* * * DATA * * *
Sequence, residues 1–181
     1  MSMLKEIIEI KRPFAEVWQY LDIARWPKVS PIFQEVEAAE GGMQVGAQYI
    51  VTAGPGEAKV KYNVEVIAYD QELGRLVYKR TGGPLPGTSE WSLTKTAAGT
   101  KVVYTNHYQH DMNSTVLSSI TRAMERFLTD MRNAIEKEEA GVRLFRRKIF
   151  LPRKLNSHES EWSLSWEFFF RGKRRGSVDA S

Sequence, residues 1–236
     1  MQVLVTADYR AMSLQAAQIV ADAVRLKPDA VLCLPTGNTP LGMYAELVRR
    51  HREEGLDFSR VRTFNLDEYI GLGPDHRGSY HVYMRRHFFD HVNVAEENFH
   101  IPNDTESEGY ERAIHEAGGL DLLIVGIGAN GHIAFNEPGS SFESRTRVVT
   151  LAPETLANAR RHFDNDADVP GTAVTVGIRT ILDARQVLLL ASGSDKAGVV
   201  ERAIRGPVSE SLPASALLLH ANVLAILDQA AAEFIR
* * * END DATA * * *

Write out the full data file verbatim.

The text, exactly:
Sequence, residues 1–181
     1  MSMLKEIIEI KRPFAEVWQY LDIARWPKVS PIFQEVEAAE GGMQVGAQYI
    51  VTAGPGEAKV KYNVEVIAYD QELGRLVYKR TGGPLPGTSE WSLTKTAAGT
   101  KVVYTNHYQH DMNSTVLSSI TRAMERFLTD MRNAIEKEEA GVRLFRRKIF
   151  LPRKLNSHES EWSLSWEFFF RGKRRGSVDA S

Sequence, residues 1–236
     1  MQVLVTADYR AMSLQAAQIV ADAVRLKPDA VLCLPTGNTP LGMYAELVRR
    51  HREEGLDFSR VRTFNLDEYI GLGPDHRGSY HVYMRRHFFD HVNVAEENFH
   101  IPNDTESEGY ERAIHEAGGL DLLIVGIGAN GHIAFNEPGS SFESRTRVVT
   151  LAPETLANAR RHFDNDADVP GTAVTVGIRT ILDARQVLLL ASGSDKAGVV
   201  ERAIRGPVSE SLPASALLLH ANVLAILDQA AAEFIR